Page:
1st photo was taken October - November. Plant is in full flower
2nd photo was taken late December - early January. Plants are finished flowering and begining the decent into dormancy.
3rd photo was taken late January. Plants are 99% dormant.
4th photo was taken April - May. This is a good time to repot.
5th photo was taken late July through early September. Plants have begun to grow. At this point careful watering can begin.
Plants within this group exhibit a VERY DISTINCT growing season and a VERY DISTINCT dormant season. Culture is VERY easy once one understands the seasonality of the plants.
Plant physiology: Plants consist of a leafy shoot, a fleshy tuber, and many long fleshy roots. The purpose of the tuber is to store enough nutrients to sustain the plant over dormancy. Tubers are 2” – 8” long. The leafy shoot eventually produces a few leaves 6” – 12” long or a sizable rosette of leaves 3” – 20” across. The inflorescence will emerge from the center of the leaves. The inflorescence will have several to many short leafy bracts at its base. Depending upon species / hybrid and the plant strength the inflorescence can be 5” – 30” tall. The apical ¼ - ½ of the inflorescence will hold the flowers. Depending on the species / hybrid and strength of the plant, each inflorescence can hold 4 – 35 flowers. Flowers will be variously colored and ornamented. Individual flowers will range in size from 1” – 3½” across.
Growth Cycle / Watering: In cultivation growth usually commences April – June. Watering a dormant plant will lead to the rotting of the tuber and death. It is best to wait until you see growth before you water. When you do water, don’t water the top of the pot. Top watering can cause the new shoot to rot. Water the plant from the base. Initial watering can be accomplished by setting the pot in a small saucer. Hab. carnea is especially hateful in regard to watering during dormancy. Apparently if it even sees a drop of water during dormancy it will die. For many years it came to my place to die in misery.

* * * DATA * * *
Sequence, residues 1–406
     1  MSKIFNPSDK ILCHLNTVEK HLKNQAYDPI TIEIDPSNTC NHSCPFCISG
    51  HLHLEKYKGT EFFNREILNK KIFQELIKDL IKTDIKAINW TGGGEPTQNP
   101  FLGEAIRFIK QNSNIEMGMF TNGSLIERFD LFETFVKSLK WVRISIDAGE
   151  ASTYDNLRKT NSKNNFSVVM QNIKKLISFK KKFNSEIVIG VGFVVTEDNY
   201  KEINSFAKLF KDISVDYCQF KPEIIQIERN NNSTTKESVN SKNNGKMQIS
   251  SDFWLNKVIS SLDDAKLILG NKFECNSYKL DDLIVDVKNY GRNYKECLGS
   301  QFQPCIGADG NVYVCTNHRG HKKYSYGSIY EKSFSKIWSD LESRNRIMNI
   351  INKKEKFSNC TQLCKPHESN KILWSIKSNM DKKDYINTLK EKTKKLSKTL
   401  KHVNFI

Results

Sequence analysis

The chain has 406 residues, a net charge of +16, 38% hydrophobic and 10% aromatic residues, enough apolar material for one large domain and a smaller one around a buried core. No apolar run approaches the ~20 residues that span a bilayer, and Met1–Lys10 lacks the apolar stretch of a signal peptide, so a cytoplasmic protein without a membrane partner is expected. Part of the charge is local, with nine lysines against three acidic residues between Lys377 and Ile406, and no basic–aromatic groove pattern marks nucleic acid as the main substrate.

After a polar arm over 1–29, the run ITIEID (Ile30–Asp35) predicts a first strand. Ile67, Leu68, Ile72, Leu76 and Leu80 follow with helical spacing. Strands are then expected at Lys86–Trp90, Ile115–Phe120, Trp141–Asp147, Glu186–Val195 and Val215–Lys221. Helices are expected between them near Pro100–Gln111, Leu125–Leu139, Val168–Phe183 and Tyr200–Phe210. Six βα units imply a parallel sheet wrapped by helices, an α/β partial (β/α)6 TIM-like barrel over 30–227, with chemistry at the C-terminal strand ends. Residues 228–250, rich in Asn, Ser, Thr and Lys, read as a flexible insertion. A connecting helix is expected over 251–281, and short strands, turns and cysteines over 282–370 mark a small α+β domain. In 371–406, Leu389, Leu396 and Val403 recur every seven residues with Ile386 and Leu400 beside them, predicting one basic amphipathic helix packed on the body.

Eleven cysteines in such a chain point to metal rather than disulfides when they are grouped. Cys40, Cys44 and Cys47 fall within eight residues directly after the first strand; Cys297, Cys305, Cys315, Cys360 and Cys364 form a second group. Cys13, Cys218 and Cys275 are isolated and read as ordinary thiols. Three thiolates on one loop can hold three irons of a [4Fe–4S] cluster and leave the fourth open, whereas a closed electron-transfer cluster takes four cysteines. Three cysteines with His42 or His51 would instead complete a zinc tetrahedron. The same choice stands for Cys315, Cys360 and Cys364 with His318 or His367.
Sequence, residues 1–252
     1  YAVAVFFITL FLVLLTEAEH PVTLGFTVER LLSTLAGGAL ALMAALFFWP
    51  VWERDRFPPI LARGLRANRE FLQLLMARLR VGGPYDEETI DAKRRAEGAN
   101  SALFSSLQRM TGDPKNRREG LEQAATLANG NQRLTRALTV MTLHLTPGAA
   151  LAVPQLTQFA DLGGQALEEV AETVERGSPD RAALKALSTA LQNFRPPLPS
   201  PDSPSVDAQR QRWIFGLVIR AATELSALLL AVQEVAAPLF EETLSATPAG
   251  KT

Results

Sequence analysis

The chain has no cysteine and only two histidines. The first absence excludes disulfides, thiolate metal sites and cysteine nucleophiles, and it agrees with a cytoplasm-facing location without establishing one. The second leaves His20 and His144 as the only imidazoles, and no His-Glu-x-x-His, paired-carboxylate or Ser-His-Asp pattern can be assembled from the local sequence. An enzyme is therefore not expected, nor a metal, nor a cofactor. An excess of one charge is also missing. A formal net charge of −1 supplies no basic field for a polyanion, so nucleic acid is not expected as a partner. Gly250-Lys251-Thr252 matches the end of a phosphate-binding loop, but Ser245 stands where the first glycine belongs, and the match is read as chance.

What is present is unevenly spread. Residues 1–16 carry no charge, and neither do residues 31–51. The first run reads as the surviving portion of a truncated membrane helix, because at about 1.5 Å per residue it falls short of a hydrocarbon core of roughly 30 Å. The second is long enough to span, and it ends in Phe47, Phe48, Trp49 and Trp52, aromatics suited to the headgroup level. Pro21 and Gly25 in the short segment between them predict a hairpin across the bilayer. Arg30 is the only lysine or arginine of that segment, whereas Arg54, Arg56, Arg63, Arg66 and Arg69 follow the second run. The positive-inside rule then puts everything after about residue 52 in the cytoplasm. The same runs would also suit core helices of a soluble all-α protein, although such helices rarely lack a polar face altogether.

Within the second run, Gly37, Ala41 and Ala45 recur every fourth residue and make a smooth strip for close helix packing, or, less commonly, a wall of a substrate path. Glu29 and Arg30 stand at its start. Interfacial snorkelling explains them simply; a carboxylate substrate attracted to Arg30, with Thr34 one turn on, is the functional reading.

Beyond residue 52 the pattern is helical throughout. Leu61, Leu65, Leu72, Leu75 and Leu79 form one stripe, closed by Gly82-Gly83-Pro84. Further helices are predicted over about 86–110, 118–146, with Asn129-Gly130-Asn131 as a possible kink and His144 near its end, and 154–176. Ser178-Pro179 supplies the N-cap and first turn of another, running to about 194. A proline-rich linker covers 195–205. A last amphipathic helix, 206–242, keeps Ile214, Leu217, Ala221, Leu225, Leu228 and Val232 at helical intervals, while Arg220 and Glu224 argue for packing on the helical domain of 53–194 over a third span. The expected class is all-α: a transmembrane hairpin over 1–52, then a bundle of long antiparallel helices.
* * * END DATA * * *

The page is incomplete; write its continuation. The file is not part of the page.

As the plant breaks dormancy the shoot will begin to grow slowly. As the plant uses up the stored nutrients in the tuber it will also begin to produce roots at the base of the shoot. As these roots begin to elongate and proliferate, shoot growth will quicken. One to many elongated fleshy leaves will form. During active growth the plants prefer to be kept evenly moist. Not soggy. It is better to err on the side of too dry. The inflorescence will emerge from the center. In cultivation this usually occurs August - October.
As the last flowers begin to fade the basal leaves will often begin to look haggard. They will begin to yellow and some dry brown spots will appear, this is normal. If the spots appear wet, STOP watering and apply a fungicide / bactericide. The yellowing of the leaves is the sign that the plants are beginning their seasonal dormancy and it is time to cut back on watering. In cultivation the leaves usually begin to yellow October – December. When the majority of leaves have dried up stop all watering. Permit the media to completely dry. The plant will remain dormant and exist as a plump fleshy tuber until growth commences April – June. This is the best time to repot.
Potting: Plant the dormant tubers about 1” deep in either sphagnum moss, a peat moss based mix, or a small bark mix. These are not the bog Habenaria of North America. Plants prefer to be evenly moist during their active growth but need good drainage. There is a growing point at one end of the elongated tuber. It is often hard to differentiate the growing point where the shoot will emerge if you receive bare root tubers. If this happens simply plant the tuber on its side. As the plant grows the plants gravitropism will put things right.
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